You could choose to first read only the sections from 1940, then the present-day notes of the young writer. But no matter how you read it, the book is an adventurous, somewhat dark family novel about what drives people, and how they look back on their past decisions and the consequences.
Excerpt from ‘Uiterste dagen’, as translated by Paul Vincent
Excerpt 1 - pp. 19-20
It’s already daybreak. He goes to the stable, to Ida, and gives her a couple of gentle taps on the neck. He also inspects the three other mares in the stable. All young enough to foal and hence unsuitable for service at the front. Ida is already getting on, but strong enough and obedient too. A good hard worker. She nods when he rubs her neck, and moans very softly. He remembers the mare of Farmer Thors from Runsor, a superb animal with lots of descendants, friendly and intelligent. When the War of Independence broke out in 1918, she was requisitioned by an officer and taken to the front, where she took part in the assault on Tammerfors. She survived and came back unscathed, but she could no longer go out on the road: she kept trying to hide under trees and whenever she could fled into stables and barns. She was never her old self again. She still cost food and water, though. There were shortages, it was getting on for winter.
‘Perhaps none of it will be necessary, my love,’ says Edvard. Cecilia appears in the stable doorway and greets him. She is wearing a thin coat and a pair of work gloves, and she has put her hair up. He wants to ask if she’s cold; he can’t imagine that Elsa has let her come out like that.
‘It’s good weather, don’t you think,’ he says. ‘They can go out into the meadow.’
Cecilia sniffs or inhales yes, he can’t hear properly. She had always been rather quiet, he thought it was awkwardness, perhaps even submissiveness. Quite different from Birgitta, who never seems to have been afraid of him. But Cecilia has become more mature, at least since Birgitta’s departure for Germany. Edvard doesn’t quite know what to make of it.
‘Have you seen the lorry from the dairy yet?’ he says. Without waiting for an answer he walks past her out of the stable.
Once he gets to the road he sees that the milk churns have been moved slightly. He picks them up one by one. Empty. In the distance the first yellowy sunlight falls on the snow-covered roof of Farmer Solgård’s place. Beyond it he sees the tops of the pines of Näsbacken. Beyond them are the villages of Solf and Sundom, then the wide skerry landscape, the transition from land to sea. He looks to the side, northwards, from where the messenger must come. For a moment he thinks he sees some movement up on the hill. There is nothing.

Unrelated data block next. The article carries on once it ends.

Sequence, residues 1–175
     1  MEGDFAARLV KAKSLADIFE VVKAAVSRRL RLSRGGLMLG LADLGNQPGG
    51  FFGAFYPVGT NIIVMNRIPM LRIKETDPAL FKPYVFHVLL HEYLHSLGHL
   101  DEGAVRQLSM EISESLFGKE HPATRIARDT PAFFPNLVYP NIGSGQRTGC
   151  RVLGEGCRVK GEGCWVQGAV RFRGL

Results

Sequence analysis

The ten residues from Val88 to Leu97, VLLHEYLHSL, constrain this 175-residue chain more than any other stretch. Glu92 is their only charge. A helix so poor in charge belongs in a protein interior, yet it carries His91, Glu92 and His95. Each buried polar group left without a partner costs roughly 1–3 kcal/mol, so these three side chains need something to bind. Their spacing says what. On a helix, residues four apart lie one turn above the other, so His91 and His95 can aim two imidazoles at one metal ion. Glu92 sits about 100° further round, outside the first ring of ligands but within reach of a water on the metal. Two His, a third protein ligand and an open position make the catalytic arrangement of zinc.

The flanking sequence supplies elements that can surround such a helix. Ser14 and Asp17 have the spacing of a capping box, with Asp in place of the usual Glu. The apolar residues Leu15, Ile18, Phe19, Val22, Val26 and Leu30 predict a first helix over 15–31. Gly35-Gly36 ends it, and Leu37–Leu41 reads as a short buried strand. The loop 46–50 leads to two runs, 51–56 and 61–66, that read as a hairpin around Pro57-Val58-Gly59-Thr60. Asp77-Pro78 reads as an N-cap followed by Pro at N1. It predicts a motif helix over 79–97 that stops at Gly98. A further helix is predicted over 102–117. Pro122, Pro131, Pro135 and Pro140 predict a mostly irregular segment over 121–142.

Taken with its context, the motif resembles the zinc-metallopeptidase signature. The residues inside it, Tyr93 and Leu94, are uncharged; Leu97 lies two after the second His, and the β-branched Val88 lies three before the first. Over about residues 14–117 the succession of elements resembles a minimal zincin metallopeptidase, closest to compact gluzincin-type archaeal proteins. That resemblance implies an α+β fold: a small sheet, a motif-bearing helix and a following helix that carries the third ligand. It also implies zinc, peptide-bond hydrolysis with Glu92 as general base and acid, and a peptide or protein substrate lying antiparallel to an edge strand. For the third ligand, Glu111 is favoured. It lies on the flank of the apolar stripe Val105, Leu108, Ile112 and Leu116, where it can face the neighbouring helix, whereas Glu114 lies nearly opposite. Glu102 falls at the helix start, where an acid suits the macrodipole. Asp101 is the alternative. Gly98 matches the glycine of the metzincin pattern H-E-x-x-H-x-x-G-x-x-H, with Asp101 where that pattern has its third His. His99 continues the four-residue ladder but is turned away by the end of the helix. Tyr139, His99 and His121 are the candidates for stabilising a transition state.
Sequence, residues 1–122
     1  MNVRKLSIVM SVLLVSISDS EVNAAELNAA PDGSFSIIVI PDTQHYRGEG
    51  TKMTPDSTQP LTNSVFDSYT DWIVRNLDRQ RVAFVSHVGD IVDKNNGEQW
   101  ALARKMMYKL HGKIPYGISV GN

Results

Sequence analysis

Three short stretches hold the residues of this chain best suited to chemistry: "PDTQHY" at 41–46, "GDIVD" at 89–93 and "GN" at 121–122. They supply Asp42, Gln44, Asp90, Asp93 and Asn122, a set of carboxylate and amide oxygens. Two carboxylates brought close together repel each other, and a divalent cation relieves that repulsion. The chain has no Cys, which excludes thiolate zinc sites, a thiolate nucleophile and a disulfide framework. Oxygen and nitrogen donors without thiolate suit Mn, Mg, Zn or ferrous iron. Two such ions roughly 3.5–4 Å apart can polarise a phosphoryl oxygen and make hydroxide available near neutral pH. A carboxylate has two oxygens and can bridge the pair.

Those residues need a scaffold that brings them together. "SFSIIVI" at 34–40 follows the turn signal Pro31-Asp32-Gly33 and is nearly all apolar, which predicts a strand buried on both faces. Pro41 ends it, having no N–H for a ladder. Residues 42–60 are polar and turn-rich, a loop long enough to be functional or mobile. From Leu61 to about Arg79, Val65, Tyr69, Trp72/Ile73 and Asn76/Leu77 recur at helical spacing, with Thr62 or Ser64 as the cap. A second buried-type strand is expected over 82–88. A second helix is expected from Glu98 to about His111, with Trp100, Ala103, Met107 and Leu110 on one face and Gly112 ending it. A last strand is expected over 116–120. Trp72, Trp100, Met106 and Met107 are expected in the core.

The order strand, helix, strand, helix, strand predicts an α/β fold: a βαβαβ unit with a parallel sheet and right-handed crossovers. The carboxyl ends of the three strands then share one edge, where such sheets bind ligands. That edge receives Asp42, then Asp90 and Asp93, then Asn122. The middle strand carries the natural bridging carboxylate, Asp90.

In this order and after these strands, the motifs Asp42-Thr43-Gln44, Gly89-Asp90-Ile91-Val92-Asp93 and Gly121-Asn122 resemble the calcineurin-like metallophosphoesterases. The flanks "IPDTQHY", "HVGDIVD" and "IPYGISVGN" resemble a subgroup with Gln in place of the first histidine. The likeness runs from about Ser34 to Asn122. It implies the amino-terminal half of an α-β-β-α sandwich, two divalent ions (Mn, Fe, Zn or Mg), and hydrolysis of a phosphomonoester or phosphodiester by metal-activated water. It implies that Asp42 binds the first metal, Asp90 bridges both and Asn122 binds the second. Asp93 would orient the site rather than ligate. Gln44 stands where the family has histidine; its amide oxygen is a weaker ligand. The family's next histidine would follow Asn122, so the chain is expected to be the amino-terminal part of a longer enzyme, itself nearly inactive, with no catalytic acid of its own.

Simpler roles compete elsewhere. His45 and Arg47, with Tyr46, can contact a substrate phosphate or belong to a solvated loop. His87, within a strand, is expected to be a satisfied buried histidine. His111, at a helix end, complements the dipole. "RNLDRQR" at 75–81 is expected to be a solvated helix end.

Excerpt 1 - pp. 32-33
Edvard has taken an oil lamp with him to the sauna. By its light Falander is even more gigantic. He is older than Edvard, but his shoulders are youthful and broad, his white head of hair is still full and thick. He compliments Edvard on the sauna and screws up his eyes to see the woodwork.
‘You come of good people,’ says Falander, stretching out. He is still shivering from the cold water that he poured over his back before coming in. ‘Very good and very strong people. My own great-grandfather was born in these parts, did you know that? In Karleby. I was brought up with the idea that my forefathers come from Österbotten and that we Falanders have the same nature as the people here. When my father finally had a chance to buy land here he didn’t hesitate for a moment. It was quite an event, a return to our old homeland…’
He is silent for a while, Edvard closes his eyes. It’s true, Falander doesn’t come from here, he realises. Where was he born then? He was told once, perhaps by Anders, perhaps by Joel. Falander’s father was a Finnish officer in the Russian army which fought the Muslims somewhere in the steppes.
‘I’ve always had people from Österbotten under my command,’ he goes on. ‘Good, stubborn people. The lads I took to Germany with me came from here, like the chaps I commanded in the War of Independence. Great sense of duty too. Always focused on higher things. I’ll be honest with you. That did for me in ’32, as you know. Perhaps I was wrong at the time, perhaps. But I was frightened the reds would take control again, while we had spilt our blood over it. So I felt it was necessary to join forces with the people who wanted to protect Finland from that. The lads from Österbotten, your people, were wiser than me. They kept their heads down. And I, I made a penance, in rank and in spirit. Go knows, God knows.’
Ferdinand Lankamp, Uiterste dagen, Atlas Contact, Amsterdam, 2019, 222 pp.